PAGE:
This election day, how did HSUS fare? At first glance, it appears successful: HSUS won a couple of ballot measures and some of its preferred candidates won reelection. But it may turn out to be a giant waste of money.
Let’s start with the ballot initiative in California, known as Proposition 12. We’ve previously written about HSUS’s Prop 12:
Prop 12 would ban the sale of conventionally raised pork and eggs (the vast majority of pork and eggs) in California. Essentially, it’s mandating consumers purchase more expensive “cage-free” eggs or “crate-free” pork by taking away the choice to buy regular eggs or pork. Despite years of trying to persuade consumers to go vegan or at least buy cage-free eggs—which have utterly failed—HSUS is now trying to simply take options away.
HSUS donated $2.2 million to the committee, which raised an additional $11.7 million. Surprisingly, the law did worse than 2008’s Proposition 2, which restricted egg production practices. It passed by a 60-40 margin—with a shoestring “no” campaign.
It may be moot. An amendment to the federal Farm Bill, currently in conference negotiations, would nullify Prop 12 and pull the teeth out of a similar 2016 measure in Massachusetts that HSUS spent millions pushing. A coalition of 13 states have also filed a challenge with the Supreme Court that would nullify the measures. Stay tuned—HSUS could have spent millions for nothing.
Meanwhile, in Florida, HSUS pushed Amendment 13. This amendment to the state’s constitution was approved last night with 69 percent of the vote, banning the practice of racing greyhounds in Florida. (It needed 60 percent to pass.)
As we’ve previously covered, this initiative did not have a controversy-free path to the ballot. At one point, a Florida judge blocked the proposal calling it “outright trickeration” for using deceptive and inaccurate language, as well as trying to weasel in to Florida’s constitution the enshrining of the vaguely defined “humane treatment of animals” as a “fundamental value” of Floridians. Anyone familiar with HSUS’s fundraising tactics knows deception is par for the course at this animal liberation group. And with only token opposition—the “No” campaign raised about 40 times less than HSUS’s side—the result was never really in doubt.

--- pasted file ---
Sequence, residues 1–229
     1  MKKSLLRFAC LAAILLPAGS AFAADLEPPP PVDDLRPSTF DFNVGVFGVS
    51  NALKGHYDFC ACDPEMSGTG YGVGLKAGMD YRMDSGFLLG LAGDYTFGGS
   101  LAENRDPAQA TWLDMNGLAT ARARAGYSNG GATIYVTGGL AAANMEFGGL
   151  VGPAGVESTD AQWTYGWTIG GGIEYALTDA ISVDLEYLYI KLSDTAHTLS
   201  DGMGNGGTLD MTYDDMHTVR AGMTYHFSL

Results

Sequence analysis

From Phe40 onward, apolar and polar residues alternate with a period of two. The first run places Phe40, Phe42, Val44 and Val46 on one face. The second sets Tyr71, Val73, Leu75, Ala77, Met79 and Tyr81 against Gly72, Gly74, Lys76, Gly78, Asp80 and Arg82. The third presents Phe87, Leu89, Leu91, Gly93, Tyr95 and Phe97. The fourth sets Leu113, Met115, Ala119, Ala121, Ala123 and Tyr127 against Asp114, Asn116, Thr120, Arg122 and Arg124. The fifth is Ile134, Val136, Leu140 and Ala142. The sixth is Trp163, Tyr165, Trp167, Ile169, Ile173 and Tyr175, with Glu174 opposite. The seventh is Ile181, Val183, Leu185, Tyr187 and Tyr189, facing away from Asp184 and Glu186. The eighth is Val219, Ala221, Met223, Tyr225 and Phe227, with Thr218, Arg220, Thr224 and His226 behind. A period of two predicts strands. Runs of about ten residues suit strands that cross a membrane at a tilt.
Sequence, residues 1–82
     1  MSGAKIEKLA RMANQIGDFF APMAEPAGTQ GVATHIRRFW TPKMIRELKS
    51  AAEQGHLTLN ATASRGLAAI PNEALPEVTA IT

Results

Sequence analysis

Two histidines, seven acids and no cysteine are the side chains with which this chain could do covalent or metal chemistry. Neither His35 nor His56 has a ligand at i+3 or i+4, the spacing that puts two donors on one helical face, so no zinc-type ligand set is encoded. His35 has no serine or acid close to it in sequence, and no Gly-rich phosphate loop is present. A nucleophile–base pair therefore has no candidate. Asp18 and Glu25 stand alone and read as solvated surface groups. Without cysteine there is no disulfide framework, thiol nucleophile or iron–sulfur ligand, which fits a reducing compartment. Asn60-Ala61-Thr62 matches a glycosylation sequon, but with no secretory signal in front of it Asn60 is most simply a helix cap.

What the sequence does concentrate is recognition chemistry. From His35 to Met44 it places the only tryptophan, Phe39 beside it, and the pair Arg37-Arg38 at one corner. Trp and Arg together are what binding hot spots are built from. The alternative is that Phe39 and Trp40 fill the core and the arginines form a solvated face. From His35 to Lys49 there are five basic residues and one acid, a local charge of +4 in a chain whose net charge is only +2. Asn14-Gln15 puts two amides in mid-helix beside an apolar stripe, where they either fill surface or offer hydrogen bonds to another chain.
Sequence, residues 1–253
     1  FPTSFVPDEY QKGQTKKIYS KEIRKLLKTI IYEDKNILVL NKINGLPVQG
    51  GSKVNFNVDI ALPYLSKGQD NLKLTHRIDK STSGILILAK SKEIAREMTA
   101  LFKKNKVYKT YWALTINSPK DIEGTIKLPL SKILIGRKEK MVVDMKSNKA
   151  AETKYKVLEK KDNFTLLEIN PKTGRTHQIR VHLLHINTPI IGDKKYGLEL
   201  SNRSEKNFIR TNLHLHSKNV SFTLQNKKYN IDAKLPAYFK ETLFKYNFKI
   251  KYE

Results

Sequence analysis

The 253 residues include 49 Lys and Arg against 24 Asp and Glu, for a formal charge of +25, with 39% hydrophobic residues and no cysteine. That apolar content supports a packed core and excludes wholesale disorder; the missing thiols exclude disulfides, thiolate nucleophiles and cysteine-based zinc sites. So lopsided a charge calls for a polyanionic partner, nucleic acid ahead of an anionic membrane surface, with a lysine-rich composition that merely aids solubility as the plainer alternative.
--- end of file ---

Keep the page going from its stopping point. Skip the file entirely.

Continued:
But to what end? HSUS spent loads of money to put a small community of racers out of business. Is that really a wise use of resources?
Not really, but consider this the first stepping stone to banning horse racing and similar activities.
In Congressional races, HSUS’s legislative fund spent $100,000 promoting Dianne Feinstein. Feinstein was a shoe-in for the Senate race in liberal California, so it’s no surprise she won. In other words, that’s $100,000 that could have gone to actually helping animals.
According to FEC records, the Humane Society Legislative Fund spent nearly $750,000 in an attempt to ensure the loss of Republican incumbent Pete Sessions in a Dallas-area congressional district. Pete Sessions did lose, but the race wasn’t really close and involved $10 million in outside expenditures.
HSUS is already crowing about the results, but it’s a combination of “easy” ballot measures with token opposition and playing tag-along in races that weren’t close. Here’s the bottom line: Congress is now split, and it’s doubtful much legislation will get through in the next two years. So it’s mostly much ado about nothing.